The return of her childhood friend Freddie brings a welcome distraction. Ramona’s friendship with the former competitive swimmer picks up exactly where it left off, and soon he’s talked her into joining him for laps at the pool. But as Ramona falls in love with swimming, her feelings for Freddie begin to shift too, which is the last thing she expected.

With her growing affection for Freddie making her question her sexual identity, Ramona begins to wonder if perhaps she likes girls and guys or if this new attraction is just a fluke. Either way, Ramona will discover that, for her, life and love are more fluid than they seem. (Plot summary from author’s website.)

Learn more about Julie Murphy here.

Follow Julie on Twitter here.

Follow Julie on Tumblr here.

Follow Julie on Instagram here.

Follow Julie on YouTube here.

I absolutely loved the way this story depicted how Ramona struggled and came to terms with her discovery of feelings for both guys and girls, even when it went against what others in her life wanted.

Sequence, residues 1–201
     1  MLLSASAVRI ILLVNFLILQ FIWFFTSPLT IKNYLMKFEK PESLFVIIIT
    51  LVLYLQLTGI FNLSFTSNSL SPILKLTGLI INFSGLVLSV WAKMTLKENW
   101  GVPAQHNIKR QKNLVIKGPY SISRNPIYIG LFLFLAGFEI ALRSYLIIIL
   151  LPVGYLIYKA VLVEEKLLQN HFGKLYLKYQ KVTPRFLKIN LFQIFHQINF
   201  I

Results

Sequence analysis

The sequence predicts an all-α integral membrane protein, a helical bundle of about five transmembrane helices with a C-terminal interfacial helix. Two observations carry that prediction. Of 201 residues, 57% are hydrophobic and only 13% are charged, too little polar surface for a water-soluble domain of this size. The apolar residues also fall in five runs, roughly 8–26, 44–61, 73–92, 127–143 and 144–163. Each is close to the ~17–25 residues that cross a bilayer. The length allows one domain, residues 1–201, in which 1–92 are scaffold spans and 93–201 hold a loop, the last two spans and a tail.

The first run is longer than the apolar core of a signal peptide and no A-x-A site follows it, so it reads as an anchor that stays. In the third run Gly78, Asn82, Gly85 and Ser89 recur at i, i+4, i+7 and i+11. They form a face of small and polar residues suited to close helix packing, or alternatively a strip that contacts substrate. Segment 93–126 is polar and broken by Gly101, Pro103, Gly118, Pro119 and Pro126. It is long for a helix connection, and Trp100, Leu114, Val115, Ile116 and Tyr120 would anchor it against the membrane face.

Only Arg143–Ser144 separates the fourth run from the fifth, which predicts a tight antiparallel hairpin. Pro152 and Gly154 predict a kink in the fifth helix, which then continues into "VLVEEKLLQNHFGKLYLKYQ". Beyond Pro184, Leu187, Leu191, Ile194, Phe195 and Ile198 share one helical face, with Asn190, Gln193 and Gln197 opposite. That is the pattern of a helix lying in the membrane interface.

Here’s a look at the first chapter:

 

This is a memory I want to keep forever: Grace standing at the stove of her parents’ rental cottage in one of her dad’s oversize T-shirts as she makes us a can of SpaghettiOs. Her mom already cleaned out the fridge and cabinets, throwing away anything with an expiration date.

     “Almost ready,” says Grace as she stirs the pasta around with a wooden spoon.

     “I should probably leave soon,” I tell her. I hate prolonged goodbyes. They’re as bad as tearing a Band-Aid off one arm hair at a time.

     “Don’t pretend like you have somewhere to be right now. Besides, you should eat before you go.” Grace is like her mom in  that way. Every time we’ve left the house over the last month, her mom has tried to unload some kind of food on us, like we were taking a long journey and would need rations. “Don’t make me eat these SpaghettiOs by myself.”